As Mike Davis pointed out in his book Planet of Slums, when the IMF/ WB celebrate the supposed entrepreneurial spirit of the informal sector they are ignoring class divisions among the urban poor. Some informal economic enterprises are started by folks who are unemployed civil servants or folks who were pushed out of the middle class and they use their skills to monopolize and dominate highly exploited networks of destitute workers.

    Something similar happens here in the US with the drug trade. We did a simulation of a factory in class to show the law of value (how workers produce a lot of money for the company but only get to take home a little bit of this in their paychecks). My students were angry about this and saw it as the bosses robbing them . When I asked them what they could do about this as workers they said “quit and sell drugs instead.” I emphasized that this process also happens in the drug trade. You can’t last forever in the game just buying small amounts of weed and reselling them. If you really want to make money it requires a larger scale operation. The people who run these operation are exploiting the labor of the corner boys who actually take the day to day risks involved in dealing.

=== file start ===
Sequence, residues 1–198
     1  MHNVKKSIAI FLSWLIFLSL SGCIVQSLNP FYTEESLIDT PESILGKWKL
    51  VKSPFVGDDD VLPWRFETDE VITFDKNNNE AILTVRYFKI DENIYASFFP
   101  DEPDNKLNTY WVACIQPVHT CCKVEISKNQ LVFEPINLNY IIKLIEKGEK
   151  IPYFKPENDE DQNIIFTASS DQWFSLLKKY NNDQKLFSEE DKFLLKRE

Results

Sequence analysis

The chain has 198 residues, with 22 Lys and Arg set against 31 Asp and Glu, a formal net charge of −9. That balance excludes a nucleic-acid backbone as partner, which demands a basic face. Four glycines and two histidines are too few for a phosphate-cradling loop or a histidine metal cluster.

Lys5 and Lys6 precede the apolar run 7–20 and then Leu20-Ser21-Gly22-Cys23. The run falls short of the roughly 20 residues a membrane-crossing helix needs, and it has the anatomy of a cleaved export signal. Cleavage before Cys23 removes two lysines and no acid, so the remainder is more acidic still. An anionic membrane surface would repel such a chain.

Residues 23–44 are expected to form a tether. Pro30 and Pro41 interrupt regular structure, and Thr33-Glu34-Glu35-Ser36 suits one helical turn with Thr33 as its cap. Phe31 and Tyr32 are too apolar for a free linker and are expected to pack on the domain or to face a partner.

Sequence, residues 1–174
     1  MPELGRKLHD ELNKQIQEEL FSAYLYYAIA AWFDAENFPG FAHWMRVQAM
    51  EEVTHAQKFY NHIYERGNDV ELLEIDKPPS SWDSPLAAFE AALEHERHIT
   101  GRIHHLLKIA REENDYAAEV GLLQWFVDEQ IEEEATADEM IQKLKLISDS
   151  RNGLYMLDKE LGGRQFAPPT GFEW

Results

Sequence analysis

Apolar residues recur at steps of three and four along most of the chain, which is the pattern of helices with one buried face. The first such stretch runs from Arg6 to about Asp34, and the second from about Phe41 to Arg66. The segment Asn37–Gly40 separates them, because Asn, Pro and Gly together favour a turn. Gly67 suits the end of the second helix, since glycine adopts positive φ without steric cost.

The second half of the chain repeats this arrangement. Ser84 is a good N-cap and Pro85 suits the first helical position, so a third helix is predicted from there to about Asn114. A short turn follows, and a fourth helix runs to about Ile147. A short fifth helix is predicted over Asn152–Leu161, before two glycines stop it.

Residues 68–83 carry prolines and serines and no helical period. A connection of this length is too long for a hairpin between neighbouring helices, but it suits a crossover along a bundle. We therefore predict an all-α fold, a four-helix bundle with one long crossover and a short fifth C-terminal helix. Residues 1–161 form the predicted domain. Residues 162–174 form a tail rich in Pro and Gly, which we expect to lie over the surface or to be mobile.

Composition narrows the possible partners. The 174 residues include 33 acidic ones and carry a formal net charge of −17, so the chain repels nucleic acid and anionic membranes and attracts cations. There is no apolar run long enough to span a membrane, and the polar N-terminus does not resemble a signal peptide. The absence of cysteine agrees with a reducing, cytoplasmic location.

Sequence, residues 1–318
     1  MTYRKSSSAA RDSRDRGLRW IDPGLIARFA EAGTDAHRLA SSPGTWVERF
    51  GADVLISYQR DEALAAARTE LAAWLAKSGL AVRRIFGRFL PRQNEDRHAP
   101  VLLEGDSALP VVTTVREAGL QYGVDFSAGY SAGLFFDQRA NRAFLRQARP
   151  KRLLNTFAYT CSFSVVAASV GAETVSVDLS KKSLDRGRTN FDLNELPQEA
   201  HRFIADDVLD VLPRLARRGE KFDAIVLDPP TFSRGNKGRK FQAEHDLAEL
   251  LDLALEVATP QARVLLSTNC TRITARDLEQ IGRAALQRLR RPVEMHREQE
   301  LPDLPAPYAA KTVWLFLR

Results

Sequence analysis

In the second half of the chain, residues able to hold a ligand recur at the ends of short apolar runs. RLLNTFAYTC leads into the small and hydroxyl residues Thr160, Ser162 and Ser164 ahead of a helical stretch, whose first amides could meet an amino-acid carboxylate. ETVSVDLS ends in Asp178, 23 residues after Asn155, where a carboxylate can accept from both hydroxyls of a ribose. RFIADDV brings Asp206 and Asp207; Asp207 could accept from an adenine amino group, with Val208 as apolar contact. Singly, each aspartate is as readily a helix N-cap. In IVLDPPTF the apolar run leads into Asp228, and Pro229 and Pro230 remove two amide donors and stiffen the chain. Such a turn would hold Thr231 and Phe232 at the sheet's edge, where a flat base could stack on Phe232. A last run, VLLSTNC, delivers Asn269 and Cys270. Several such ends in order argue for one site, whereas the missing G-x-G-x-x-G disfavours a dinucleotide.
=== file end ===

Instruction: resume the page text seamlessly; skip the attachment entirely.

It’s certainly ironic that the IMF and World Bank would celebrate the informal economy in the 3rd world as a “social safety net” when officials and elites here in the US are constantly attacking our very own cities’ informal economies as an embarrassment and a social problem. You don’t see the IMF and World Bank going around to ghettoes in America and celebrating the entrepreneurial spirit of homeless folks who set up shantytowns under the bridge named after the mayor (like Nickelsville here in Seattle). You don’t see them celebrating the pull yourself up by the bootstraps mentality of drug dealers, pimps, unsigned hip hop artists selling their mix tapes outside of the supermarket, etc. In reality, as Fatima argues, the line between the 1st World and the 3rd World is not so solid.